We are all on this course because we want to become good maths teachers. My initial reaction to both the article and the video was: “Yes, that’s how I think I should teach maths!” But of course, reading and watching again made me wonder if it would be so simple. Below are some ideas I want to explore about what kind of teacher I want to become:
I was always under the impression that my understanding of maths WAS relational. Some parts of the course have reinforced this such as our discussion about shapes and this morning the investigation into trigonometry using a unit circle. But on the other hand, I immediately recognise the examples Richard Skemp notes at the beginning of his article as instrumental about ‘borrowing’ and ‘turn upside down and multiply’. I do that. And I struggle to explain what these rules actually mean. So part of my maths knowledge is instrumental and part is relational. Maybe once we really understand when and how to use a method, we all use the method instrumentally. And we usually get it right because we’ve learnt when it’s appropriate? Even though I think I should teach relationally, would I forget to explain clearly a method that has become instrumental for me? Would I assume they should have been taught something in primary school and then struggle to explain this relationally?
One of the disadvantages of relational teaching was that it might take longer. When the short-term goal is to pass your GCSE, it may be easier to just learn the rule and become proficient using it. I wonder if one of the reasons I feel I was taught differently, is that we did not do exams until we were 18 (if we were going on to university). This allowed us to gradually explore topics up to A-level instead of this need to be able to grasp the basics in time for the GCSE. How to teach the expected curriculum relationally in the time given?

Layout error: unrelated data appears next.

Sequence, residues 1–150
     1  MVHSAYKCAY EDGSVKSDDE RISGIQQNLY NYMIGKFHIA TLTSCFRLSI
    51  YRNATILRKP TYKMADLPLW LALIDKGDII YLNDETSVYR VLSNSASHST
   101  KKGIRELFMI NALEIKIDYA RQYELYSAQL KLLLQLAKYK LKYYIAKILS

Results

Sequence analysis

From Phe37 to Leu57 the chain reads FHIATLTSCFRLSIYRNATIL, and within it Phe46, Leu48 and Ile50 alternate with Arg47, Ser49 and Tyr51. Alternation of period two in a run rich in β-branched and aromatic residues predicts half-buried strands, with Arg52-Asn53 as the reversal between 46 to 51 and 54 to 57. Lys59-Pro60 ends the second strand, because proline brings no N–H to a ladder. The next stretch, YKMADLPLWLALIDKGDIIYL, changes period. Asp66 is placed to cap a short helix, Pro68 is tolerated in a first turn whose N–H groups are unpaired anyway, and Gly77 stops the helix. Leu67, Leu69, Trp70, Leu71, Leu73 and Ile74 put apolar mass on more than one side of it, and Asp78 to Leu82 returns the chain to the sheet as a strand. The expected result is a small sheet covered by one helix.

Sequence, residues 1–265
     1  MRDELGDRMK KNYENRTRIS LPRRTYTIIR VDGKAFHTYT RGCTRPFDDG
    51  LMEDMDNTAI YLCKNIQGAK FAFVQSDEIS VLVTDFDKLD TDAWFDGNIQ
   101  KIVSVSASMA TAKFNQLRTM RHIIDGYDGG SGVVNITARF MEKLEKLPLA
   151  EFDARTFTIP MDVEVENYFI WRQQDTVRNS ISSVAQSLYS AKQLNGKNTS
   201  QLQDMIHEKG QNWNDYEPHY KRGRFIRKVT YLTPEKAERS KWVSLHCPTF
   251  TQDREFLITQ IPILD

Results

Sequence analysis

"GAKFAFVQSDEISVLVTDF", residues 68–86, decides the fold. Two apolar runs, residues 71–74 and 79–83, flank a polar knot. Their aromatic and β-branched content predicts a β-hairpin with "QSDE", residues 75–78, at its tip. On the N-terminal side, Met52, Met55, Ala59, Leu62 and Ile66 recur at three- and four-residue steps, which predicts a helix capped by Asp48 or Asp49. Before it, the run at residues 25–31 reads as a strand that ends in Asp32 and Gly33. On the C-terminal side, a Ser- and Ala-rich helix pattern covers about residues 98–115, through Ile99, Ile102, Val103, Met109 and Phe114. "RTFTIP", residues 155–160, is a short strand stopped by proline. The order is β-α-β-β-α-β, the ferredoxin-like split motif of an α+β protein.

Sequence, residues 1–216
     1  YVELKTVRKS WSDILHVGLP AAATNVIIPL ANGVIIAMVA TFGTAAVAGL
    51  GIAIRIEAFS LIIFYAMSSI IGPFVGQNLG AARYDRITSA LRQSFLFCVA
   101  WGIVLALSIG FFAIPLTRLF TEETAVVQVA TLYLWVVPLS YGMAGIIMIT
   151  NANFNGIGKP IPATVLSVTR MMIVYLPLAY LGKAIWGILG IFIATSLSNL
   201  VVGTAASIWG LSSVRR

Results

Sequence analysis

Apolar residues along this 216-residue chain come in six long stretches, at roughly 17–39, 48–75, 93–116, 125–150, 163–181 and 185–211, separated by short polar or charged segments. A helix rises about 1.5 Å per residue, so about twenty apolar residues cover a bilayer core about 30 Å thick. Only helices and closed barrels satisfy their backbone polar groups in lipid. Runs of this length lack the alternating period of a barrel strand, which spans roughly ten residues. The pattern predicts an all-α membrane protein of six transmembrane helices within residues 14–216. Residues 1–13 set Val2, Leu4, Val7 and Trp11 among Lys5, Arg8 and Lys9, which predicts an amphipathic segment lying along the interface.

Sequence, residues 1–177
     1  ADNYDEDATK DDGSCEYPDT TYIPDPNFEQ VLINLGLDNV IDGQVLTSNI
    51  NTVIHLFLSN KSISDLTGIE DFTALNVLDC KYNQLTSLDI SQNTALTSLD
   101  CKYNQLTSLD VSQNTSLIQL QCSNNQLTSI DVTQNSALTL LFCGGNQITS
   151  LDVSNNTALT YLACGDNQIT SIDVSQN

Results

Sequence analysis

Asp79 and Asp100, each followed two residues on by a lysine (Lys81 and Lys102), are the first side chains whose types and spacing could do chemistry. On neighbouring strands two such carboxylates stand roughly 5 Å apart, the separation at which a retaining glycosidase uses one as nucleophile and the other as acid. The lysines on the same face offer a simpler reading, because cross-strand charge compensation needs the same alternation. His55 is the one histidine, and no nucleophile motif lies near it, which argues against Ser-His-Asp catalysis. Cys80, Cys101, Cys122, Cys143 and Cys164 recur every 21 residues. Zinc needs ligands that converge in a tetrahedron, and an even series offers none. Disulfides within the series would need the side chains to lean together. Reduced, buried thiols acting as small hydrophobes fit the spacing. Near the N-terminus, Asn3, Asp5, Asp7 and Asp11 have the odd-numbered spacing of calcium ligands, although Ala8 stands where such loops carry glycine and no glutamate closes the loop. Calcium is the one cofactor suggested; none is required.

Dan gave examples of how text-book questions guide you through the problem and give exactly all the information you need. This is something I also realized after working as an engineer for several years. In real life I found one of the major difficulties was to figure out what values to use. If e.g. a calculation for a foundation is based on a constant that depends on the soil composition, you never ever have a clearcut knowledge of what to use. The soil is never homogenous or easy to classify. So you need to estimate or guess or use a range of values.
In Jo Boaler’s book (from task 1) she discusses that she has found that often girls ask why a method works and want to understand the reasoning. When this is not addressed they tend to switch off and disengage. Boys often seem quite happy to just get the right answers to a list of questions. Should we especially teach relationally for girls? Would the methods Dan uses with ‘conversations’ appeal more to girls?
PS I really liked the description of relational schemas as organic, having a sense of growth, like a tree.